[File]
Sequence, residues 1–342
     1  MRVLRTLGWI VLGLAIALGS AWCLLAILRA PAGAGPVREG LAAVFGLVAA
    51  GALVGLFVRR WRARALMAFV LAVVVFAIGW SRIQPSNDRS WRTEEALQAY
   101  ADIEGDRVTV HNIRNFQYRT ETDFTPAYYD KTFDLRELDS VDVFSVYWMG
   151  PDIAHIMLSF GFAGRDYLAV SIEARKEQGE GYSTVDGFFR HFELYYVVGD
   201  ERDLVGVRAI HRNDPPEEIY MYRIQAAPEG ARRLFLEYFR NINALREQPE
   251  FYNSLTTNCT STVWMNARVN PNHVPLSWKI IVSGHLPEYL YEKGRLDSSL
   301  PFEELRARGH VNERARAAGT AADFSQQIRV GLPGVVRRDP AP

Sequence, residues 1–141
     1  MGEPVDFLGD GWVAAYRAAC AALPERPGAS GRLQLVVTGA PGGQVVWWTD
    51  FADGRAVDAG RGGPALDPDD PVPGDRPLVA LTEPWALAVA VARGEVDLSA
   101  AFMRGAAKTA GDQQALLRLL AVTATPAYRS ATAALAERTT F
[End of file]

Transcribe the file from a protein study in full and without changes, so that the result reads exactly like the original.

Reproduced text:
Sequence, residues 1–342
     1  MRVLRTLGWI VLGLAIALGS AWCLLAILRA PAGAGPVREG LAAVFGLVAA
    51  GALVGLFVRR WRARALMAFV LAVVVFAIGW SRIQPSNDRS WRTEEALQAY
   101  ADIEGDRVTV HNIRNFQYRT ETDFTPAYYD KTFDLRELDS VDVFSVYWMG
   151  PDIAHIMLSF GFAGRDYLAV SIEARKEQGE GYSTVDGFFR HFELYYVVGD
   201  ERDLVGVRAI HRNDPPEEIY MYRIQAAPEG ARRLFLEYFR NINALREQPE
   251  FYNSLTTNCT STVWMNARVN PNHVPLSWKI IVSGHLPEYL YEKGRLDSSL
   301  PFEELRARGH VNERARAAGT AADFSQQIRV GLPGVVRRDP AP

Sequence, residues 1–141
     1  MGEPVDFLGD GWVAAYRAAC AALPERPGAS GRLQLVVTGA PGGQVVWWTD
    51  FADGRAVDAG RGGPALDPDD PVPGDRPLVA LTEPWALAVA VARGEVDLSA
   101  AFMRGAAKTA GDQQALLRLL AVTATPAYRS ATAALAERTT F